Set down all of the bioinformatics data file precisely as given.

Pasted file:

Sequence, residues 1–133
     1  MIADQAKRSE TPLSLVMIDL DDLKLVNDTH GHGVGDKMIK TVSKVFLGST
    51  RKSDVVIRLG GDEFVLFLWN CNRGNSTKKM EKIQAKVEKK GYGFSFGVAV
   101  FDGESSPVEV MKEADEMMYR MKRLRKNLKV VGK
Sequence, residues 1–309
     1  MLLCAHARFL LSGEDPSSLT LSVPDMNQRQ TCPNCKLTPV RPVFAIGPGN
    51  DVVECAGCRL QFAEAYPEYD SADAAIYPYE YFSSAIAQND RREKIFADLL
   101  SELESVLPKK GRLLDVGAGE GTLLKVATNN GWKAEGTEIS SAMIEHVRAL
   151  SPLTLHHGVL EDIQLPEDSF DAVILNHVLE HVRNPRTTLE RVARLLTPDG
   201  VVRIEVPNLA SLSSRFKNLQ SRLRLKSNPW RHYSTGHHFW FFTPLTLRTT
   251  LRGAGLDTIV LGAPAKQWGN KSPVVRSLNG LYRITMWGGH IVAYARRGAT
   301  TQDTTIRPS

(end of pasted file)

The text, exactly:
Sequence, residues 1–133
     1  MIADQAKRSE TPLSLVMIDL DDLKLVNDTH GHGVGDKMIK TVSKVFLGST
    51  RKSDVVIRLG GDEFVLFLWN CNRGNSTKKM EKIQAKVEKK GYGFSFGVAV
   101  FDGESSPVEV MKEADEMMYR MKRLRKNLKV VGK
Sequence, residues 1–309
     1  MLLCAHARFL LSGEDPSSLT LSVPDMNQRQ TCPNCKLTPV RPVFAIGPGN
    51  DVVECAGCRL QFAEAYPEYD SADAAIYPYE YFSSAIAQND RREKIFADLL
   101  SELESVLPKK GRLLDVGAGE GTLLKVATNN GWKAEGTEIS SAMIEHVRAL
   151  SPLTLHHGVL EDIQLPEDSF DAVILNHVLE HVRNPRTTLE RVARLLTPDG
   201  VVRIEVPNLA SLSSRFKNLQ SRLRLKSNPW RHYSTGHHFW FFTPLTLRTT
   251  LRGAGLDTIV LGAPAKQWGN KSPVVRSLNG LYRITMWGGH IVAYARRGAT
   301  TQDTTIRPS